Unite union attacks MoD in naval base dispute
A trade union has expressed anger after learning military personnel could step in to carry out the duties of civilian staff taking part in industrial action at two naval bases in Scotland.
Unite members have been taking action at Faslane and Coulport since March in a dispute with employer Babcock Marine.
Unite said it had learned of the MoD plans on Wednesday.
The MoD said it was not involved in the dispute but Royal Navy staff would step in "where there is a safety issue".
The Faslane base on the Clyde is home to the UK's fleet of Trident nuclear submarines.
Unite members voted to take industrial action after the union accused Babcock of a "systematic campaign to undermine workers" in order to push through further outsourcing at the bases.
Babcock has said it "absolutely" refutes the allegations.
Talks intended to resolve the dispute were held recently at the conciliation service Acas but broke down after two days.
The union represents a range of workers at Faslane and Coulport, including cleaners, housekeepers, logistics operatives, drivers and mail staff.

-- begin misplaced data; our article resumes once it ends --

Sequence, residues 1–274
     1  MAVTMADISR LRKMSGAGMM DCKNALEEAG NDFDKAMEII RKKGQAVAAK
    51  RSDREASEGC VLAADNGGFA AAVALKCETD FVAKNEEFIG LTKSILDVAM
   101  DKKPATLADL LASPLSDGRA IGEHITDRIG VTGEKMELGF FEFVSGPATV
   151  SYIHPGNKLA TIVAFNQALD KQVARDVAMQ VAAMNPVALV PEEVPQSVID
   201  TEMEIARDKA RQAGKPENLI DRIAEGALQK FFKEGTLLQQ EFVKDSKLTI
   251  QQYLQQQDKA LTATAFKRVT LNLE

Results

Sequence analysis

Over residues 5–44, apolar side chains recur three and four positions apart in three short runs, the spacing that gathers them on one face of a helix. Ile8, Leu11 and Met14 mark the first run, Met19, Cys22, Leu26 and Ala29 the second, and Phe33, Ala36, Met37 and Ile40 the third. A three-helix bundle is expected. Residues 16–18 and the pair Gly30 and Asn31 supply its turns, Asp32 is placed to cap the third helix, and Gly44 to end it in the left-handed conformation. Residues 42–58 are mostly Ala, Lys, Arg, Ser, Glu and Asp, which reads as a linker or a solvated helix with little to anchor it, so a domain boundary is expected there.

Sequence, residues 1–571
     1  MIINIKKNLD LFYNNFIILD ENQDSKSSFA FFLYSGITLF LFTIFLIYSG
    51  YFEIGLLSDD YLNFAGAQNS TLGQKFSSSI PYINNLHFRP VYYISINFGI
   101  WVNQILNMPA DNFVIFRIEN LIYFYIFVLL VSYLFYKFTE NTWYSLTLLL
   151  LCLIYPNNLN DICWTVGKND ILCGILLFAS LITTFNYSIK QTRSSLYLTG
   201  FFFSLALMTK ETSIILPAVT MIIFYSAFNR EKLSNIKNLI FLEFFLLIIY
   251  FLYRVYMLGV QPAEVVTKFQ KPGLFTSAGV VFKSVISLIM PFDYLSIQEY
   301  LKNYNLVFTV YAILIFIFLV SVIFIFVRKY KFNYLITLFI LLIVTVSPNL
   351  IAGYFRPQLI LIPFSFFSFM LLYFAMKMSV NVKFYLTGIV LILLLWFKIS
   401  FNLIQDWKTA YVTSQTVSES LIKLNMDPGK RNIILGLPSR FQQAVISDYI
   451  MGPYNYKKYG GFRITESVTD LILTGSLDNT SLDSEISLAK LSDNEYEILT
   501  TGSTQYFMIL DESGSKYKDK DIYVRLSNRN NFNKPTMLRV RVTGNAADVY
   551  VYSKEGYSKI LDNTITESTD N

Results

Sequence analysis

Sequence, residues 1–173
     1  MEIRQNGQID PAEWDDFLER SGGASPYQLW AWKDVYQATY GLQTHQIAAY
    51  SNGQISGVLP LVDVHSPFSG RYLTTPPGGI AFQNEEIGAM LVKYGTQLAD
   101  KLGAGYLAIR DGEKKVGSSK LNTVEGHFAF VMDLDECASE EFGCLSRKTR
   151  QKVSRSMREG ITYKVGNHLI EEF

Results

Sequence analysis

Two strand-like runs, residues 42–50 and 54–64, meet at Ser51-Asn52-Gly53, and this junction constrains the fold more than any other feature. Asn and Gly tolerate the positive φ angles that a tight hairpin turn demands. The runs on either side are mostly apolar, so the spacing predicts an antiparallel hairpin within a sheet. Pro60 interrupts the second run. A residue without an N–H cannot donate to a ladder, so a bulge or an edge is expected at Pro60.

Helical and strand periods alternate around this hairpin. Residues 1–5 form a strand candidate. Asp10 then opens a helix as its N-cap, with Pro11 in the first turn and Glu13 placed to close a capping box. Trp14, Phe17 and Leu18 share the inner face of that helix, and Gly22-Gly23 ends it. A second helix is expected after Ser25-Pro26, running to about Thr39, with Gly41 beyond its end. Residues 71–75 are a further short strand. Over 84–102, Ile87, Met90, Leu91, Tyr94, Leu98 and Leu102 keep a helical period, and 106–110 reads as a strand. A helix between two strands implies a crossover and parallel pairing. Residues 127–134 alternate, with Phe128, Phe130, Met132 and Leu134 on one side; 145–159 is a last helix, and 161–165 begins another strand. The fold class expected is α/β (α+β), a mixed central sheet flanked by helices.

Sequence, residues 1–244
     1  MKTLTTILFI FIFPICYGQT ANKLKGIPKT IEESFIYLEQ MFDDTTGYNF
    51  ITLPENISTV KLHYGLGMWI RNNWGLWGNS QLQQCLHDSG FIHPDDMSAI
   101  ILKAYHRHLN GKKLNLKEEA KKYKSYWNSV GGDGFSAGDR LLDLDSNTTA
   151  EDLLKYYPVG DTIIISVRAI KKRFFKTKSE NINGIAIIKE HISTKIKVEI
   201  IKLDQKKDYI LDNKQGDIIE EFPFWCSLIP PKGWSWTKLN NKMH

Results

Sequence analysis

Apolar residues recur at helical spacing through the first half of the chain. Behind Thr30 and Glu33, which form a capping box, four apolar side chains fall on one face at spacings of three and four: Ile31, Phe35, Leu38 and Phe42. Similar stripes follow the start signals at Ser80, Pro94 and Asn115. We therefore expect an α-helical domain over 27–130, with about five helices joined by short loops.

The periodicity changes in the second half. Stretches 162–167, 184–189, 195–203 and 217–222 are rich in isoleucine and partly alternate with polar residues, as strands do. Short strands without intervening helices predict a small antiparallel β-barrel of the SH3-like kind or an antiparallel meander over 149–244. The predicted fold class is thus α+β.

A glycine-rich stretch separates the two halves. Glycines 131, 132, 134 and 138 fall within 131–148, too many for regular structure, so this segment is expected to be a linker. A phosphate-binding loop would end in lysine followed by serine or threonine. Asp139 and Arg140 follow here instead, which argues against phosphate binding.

It also has members in radiation monitoring and strategic weapons support roles.
Unite regional officer Stephen Dean said: "It is outrageous for the Ministry of Defence to get involved in a trade dispute in this way, and a clear attack on the democratic rights of our members.
"The MoD is misusing the nation's defence staff - ordering them in to help an employer who is attacking workers' rights."
An MoD spokesman added: "This is an issue between Babcock and their employees. Royal Navy personnel are not taking over any civilian posts but where there is a safety issue they will step in."
In a statement, Babcock said: "We support the Ministry of Defence and Royal Navy with the delivery of safe and secure operations daily at HMNB (Her Majesty's Naval Base) Clyde.
"The current dispute with Unite does not change that focus.
"We have written to Unite at a national level to reiterate our fully considered offer which addresses all of the concerns raised at the initial ACAS meeting and are continuing to work hard to find a resolution to this dispute."